Privacy. It is such a critical topic, yet it is also one that many consumers feel helpless about fixing. Who knows what we buy? What we want? Where we go? Well, as it turns out there a great number of companies, and government agencies, tracking us. And it is not limited to our purchasing behavior. There are a number of companies that can and do track the daily activities of employees also.
Everyone says they want privacy, but many people are unwilling or don’t know how to protect their online privacy. The issue is one that reaches beyond the individual and extends to the larger society. It encompasses devices including home security, smart phones, wearable devices, facial recognition, home speakers, smart TVs, automobiles, maps, social media, and more! And the crazy thing is that we often give permission to be tracked without realizing the implications to our privacy.
This is an issue that extends beyond consumer behavior and can also encompass how companies track employee behavior, beginning when we wake up and check our work email at home, and continuing monitoring activities throughout the day to track physical and online movement. Granted, some of the tracking is useful to protect against espionage and theft, but does it go too far?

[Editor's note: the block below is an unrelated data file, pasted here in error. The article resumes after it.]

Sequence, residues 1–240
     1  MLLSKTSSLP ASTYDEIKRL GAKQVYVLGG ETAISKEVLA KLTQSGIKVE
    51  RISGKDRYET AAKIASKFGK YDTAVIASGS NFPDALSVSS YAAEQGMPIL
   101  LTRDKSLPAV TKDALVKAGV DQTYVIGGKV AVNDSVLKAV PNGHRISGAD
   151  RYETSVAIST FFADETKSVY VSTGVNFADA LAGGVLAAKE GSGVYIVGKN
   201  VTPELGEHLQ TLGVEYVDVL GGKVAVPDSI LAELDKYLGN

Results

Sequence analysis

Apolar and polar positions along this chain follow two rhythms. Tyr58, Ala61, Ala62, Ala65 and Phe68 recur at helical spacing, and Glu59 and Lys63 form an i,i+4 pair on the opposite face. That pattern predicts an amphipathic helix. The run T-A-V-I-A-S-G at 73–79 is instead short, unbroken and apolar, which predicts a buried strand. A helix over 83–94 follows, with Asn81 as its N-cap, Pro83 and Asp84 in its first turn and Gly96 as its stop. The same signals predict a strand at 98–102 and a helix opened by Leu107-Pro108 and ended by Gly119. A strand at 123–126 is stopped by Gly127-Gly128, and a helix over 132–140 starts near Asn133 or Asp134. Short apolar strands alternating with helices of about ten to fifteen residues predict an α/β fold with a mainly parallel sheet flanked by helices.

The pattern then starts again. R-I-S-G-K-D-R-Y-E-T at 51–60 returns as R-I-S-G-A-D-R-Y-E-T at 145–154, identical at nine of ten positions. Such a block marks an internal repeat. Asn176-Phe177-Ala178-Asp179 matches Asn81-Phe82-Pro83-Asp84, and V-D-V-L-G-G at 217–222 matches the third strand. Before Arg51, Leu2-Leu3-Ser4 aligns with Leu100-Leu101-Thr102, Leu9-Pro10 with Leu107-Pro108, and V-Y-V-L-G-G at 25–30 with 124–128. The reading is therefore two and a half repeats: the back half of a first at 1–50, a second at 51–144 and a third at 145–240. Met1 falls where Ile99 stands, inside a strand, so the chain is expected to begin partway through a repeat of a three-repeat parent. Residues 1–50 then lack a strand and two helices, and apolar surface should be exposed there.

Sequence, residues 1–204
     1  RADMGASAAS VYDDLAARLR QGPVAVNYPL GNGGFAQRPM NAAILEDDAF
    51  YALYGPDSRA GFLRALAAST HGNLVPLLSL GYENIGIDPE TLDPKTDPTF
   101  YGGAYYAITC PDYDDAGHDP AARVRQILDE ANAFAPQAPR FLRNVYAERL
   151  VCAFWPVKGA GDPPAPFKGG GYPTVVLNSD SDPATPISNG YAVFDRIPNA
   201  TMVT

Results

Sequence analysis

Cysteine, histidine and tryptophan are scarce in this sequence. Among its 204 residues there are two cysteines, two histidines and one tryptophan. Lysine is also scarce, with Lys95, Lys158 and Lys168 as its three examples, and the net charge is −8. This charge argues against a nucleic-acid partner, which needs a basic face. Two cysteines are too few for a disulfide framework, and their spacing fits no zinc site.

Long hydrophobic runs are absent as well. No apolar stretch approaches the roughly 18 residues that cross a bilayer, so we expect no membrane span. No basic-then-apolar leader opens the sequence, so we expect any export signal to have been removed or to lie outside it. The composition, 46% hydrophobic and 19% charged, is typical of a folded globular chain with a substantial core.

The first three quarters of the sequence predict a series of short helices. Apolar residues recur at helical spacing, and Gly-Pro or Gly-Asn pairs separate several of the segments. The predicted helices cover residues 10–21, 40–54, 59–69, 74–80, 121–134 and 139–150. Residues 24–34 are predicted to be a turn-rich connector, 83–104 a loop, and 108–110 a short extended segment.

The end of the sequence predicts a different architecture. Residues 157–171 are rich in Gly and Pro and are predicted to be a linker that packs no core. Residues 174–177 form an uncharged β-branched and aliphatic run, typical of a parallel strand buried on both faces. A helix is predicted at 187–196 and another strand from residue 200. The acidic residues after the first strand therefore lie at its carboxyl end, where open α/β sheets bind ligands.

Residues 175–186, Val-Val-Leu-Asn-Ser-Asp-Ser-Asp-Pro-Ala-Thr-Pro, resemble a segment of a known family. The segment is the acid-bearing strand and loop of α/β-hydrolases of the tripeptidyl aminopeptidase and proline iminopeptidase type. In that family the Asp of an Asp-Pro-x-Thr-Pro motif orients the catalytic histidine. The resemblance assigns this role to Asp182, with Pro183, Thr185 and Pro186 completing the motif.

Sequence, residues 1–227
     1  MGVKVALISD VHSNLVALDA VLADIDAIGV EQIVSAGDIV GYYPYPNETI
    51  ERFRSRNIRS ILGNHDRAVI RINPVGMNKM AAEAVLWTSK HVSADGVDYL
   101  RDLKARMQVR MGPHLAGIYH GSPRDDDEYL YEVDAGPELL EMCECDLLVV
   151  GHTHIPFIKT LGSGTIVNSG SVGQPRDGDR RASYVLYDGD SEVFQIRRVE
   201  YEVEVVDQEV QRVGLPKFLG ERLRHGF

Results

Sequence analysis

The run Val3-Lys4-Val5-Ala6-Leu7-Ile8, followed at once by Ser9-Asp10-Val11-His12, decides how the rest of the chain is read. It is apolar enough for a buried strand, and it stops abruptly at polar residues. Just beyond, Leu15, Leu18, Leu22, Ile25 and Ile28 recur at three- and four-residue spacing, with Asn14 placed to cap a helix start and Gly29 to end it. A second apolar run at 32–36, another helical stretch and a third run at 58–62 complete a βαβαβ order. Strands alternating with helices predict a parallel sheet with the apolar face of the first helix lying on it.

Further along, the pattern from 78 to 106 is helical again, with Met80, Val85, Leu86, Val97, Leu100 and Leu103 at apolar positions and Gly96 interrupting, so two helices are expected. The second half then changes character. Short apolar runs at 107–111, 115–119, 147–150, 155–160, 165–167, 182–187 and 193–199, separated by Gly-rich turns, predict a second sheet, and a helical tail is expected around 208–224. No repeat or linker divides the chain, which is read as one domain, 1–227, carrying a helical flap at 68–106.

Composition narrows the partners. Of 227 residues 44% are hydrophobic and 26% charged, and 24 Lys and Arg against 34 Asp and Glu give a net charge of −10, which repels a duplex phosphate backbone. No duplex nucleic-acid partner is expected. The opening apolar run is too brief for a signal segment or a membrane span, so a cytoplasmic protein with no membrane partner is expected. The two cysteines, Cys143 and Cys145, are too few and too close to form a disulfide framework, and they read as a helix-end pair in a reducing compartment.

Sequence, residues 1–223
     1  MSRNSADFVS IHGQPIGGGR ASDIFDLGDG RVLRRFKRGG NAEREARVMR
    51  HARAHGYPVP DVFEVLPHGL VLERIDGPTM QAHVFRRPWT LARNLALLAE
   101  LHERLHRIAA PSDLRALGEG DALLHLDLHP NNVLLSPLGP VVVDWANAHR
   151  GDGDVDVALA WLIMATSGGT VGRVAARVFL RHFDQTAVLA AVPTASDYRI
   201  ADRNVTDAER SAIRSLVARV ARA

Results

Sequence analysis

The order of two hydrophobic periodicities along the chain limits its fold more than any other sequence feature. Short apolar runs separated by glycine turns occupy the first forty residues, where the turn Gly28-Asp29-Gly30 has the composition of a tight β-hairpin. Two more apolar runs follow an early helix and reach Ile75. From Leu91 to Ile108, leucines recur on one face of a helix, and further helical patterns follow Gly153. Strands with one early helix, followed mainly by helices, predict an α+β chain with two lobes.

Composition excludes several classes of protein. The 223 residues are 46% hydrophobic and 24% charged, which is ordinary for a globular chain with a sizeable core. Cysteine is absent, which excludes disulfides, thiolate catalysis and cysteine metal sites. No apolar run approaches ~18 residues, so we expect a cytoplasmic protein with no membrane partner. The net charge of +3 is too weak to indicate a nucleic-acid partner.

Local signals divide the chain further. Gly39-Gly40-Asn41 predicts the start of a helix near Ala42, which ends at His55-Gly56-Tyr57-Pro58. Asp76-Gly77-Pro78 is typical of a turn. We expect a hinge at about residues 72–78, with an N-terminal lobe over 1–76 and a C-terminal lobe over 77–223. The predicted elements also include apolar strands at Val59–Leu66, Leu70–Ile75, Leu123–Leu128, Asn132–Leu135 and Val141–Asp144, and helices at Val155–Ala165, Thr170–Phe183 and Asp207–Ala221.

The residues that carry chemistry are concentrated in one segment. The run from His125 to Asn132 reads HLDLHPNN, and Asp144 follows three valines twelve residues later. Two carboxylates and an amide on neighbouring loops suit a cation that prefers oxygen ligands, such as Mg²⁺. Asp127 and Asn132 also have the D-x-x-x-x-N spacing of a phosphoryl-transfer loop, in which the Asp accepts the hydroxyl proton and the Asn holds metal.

Who’s watching who do what?
Group Activities and Discussion Questions:
- Discuss the issue of privacy in the Internet age. What are students’ concerns?
- There are several very compelling interactive graphics and videos that help illustrate this topic. Show these in class and have students take notes on each.
- It’s time to panic about privacy: https://www.nytimes.com/interactive/2019/04/10/opinion/internet-data-privacy.html?emc=edit_ct_20190411&nl=technology&nlid=6570397720190411&te=1
- Meet ‘Chet.’ His employer knows what time he work up today: https://www.wsj.com/graphics/company-tracking-employees/?mod=djemfoe
- Microchips for employees video: https://youtu.be/eX1KNlI40V8
- Discussion: Is privacy important? What can be done to protect individuals?
- Consider assigning students to research this topic. A number of interesting reports can be found at various sources.
Source: Bentley, E. and Krouse, S. (19 July 2019). Meet ‘Chet.’ His employer knows what time he woke up today. Wall Street Journal; Manjoo, J. (11 April 2019). It’s time to panic about privacy. New York Times.